Gentlemen Volunteers

Pig Iron Theatre Company, Saint Mary's Church, 3916 Locust Walk, through May 17, 382-4777

The sound of the actors coughing in a pitch-black room conveys the terror of a mustard-gas attack at the front lines.

After the tiresome, overdesigned, red-nose clowning of The Tragedy of Joan of Arc a few months ago, it's a pleasure to see Pig Iron Theatre return to the other, movement-and-mime side of their Lecoq training for their new theater piece, Gentlemen Volunteers, directed by Dan Rothenberg.

The simplest of movements creates a location and an activity, a mood and a tone. An actor mimes opening a file cabinet while a clarinetist/accordionist/sound effects artist (James Sugg) makes the sound of ruffling papers. The sound of clinking wine bottles (created offstage by a row of clinking wine bottles dangling on strings) and the murmur of conversation creates a wine bar near the front lines in France during the first World War. A swinging overhead lamp, the clatter of pots and the caroming movements of the four actors across space vividly create the chaos of a field hospital as a new batch of wounded soldiers is brought in. The sound of the actors coughing in a pitch-black room conveys the terror of a mustard-gas attack at the front lines.

Simple Pleasures: Dito van Riegersberg (left) and Gabriel Quinn Bauriedel in Gentlemen Volunteers

All this unfolds in a church basement, as the audience gets herded from one corner of the room to another. An actor pulls a string and turns on a bare light bulb hanging from its cord at one end of the room, as another actor pulls another string and turns off another light bulb at the other end. And so the story gets told by the simplest, most immediate means.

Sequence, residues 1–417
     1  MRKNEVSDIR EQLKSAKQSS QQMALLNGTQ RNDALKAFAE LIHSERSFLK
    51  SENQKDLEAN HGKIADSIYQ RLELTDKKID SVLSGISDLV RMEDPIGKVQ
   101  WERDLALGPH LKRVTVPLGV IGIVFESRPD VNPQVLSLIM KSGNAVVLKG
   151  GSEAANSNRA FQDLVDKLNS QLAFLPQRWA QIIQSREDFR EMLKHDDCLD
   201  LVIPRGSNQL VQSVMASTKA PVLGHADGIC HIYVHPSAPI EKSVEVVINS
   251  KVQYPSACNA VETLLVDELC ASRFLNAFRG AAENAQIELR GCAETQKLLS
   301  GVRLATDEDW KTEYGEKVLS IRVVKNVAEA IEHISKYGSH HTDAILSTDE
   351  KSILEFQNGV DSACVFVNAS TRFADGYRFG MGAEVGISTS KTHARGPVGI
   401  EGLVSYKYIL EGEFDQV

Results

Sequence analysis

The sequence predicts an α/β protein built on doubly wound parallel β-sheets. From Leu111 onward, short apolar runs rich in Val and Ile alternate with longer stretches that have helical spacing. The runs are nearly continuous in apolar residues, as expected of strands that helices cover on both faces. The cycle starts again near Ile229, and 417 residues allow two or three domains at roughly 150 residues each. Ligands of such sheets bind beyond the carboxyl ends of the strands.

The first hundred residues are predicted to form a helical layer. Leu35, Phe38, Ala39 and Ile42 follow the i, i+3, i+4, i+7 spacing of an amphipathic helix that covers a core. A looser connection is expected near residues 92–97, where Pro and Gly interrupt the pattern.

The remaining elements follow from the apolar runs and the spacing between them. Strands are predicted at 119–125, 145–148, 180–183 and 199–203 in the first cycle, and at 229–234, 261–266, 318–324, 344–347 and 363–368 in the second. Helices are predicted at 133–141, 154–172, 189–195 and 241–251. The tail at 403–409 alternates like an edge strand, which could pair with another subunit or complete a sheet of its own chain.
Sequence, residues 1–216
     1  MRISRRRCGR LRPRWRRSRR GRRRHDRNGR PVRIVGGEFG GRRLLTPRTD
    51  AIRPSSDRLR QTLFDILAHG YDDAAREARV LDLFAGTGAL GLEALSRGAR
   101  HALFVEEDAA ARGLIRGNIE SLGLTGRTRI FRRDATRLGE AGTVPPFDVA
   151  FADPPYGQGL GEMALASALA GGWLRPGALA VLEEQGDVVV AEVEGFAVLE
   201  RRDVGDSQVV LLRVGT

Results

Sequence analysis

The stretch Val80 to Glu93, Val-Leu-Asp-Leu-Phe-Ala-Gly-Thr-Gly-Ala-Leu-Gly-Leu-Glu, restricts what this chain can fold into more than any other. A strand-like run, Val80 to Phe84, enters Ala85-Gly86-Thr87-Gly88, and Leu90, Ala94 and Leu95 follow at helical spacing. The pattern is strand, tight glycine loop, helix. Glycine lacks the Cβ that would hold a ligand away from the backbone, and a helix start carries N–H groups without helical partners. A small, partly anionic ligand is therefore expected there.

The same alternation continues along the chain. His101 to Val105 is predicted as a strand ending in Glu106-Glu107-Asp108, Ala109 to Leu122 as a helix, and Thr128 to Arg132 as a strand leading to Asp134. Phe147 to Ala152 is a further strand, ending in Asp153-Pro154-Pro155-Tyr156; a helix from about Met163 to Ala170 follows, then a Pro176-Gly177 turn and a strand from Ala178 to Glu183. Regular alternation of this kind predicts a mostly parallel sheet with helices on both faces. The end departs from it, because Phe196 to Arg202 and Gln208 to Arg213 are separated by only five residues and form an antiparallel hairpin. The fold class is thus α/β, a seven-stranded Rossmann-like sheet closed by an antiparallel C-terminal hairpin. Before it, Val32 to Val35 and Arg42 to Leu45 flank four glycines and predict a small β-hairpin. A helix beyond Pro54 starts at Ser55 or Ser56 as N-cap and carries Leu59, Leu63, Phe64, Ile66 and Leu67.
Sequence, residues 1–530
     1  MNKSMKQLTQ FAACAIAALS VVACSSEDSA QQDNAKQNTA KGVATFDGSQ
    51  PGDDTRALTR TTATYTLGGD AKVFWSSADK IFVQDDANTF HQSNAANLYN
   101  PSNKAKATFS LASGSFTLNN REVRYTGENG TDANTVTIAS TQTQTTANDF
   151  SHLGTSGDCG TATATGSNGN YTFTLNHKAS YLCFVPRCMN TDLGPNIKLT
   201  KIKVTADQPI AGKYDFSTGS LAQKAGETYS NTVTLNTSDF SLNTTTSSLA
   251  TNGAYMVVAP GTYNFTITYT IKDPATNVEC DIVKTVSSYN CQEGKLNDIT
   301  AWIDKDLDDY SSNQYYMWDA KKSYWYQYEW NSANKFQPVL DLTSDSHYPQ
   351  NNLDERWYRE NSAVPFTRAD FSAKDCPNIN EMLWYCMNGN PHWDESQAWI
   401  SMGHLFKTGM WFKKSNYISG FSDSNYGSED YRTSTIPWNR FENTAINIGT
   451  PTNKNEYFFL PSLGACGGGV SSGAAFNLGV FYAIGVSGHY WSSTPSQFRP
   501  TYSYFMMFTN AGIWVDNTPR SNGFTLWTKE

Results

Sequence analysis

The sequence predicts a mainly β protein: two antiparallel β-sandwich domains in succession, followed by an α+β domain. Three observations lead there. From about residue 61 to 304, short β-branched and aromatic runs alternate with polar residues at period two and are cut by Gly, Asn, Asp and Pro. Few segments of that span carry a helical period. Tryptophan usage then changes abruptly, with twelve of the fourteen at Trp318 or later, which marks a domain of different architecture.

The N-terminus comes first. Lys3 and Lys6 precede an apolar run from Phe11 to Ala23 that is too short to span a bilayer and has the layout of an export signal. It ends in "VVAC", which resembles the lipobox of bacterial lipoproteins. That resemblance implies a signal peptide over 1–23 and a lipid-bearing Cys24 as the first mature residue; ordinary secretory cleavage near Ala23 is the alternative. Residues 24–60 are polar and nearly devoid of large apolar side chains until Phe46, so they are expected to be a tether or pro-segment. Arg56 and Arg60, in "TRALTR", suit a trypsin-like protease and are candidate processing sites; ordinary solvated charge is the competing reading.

Gentlemen Volunteers tells the story of two Yale grads who volunteer to be ambulance drivers with the Red Cross in 1916, before the United States officially entered the war. It's a simple story, that gets more predictable as the one-hour play goes along. Rich (Dito van Reigersberg) is a football player who can't wait for America to go to war so he can switch from non-combatant to soldier. Vincent (Gabriel Quinn Bauriedel) is an intellectual (another actor slicks down his hair in mime and draws invisible wire-rim glasses on the bridge of his nose), fed up with the carnage and determined to transform his experiences into poetry. Rich becomes lovers with Mary (Cassandra Friend), a British nurse in search of adventure. Vincent becomes lovers with Francoise (Emmanuelle Delpech), a stern head nurse whose husband has been killed.

The plot has few insights and fewer surprises. (The text, drawn from Hemingway, Dos Passos and rehearsal improvisations, was assembled by Solveig Holum.) But the theatrical imagery, and the experience of being herded about a church basement, tells a story that's vivid, effective and memorable, without our having to worry ourselves about the unmemorable little lives that get wasted in the devastating and senseless conflict being dramatized.

-Cary M. Mazer